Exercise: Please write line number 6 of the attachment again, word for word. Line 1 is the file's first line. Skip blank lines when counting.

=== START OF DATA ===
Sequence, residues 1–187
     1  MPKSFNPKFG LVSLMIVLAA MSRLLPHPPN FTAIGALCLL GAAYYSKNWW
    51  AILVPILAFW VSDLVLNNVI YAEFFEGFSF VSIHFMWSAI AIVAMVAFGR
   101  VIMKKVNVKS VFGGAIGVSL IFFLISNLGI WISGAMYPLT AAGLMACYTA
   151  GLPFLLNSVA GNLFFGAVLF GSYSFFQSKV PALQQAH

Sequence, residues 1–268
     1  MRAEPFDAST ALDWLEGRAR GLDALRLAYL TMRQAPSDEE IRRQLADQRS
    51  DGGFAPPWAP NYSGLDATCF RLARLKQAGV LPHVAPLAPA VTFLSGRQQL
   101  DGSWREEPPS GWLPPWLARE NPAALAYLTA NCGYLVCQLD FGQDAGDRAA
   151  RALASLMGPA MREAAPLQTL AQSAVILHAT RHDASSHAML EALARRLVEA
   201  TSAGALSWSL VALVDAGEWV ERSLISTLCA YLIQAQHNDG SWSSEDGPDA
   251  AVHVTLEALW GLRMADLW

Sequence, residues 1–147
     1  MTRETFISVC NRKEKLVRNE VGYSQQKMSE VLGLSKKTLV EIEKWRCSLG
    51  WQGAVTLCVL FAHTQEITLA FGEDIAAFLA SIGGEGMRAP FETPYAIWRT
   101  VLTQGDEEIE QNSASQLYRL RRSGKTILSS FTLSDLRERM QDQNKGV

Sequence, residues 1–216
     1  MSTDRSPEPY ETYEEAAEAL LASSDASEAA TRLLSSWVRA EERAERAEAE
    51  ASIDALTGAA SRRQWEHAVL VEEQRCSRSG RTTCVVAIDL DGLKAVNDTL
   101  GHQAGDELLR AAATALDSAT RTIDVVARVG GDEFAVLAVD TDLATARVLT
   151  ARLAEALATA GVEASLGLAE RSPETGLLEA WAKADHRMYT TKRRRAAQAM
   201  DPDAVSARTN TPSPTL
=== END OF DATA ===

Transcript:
Sequence, residues 1–268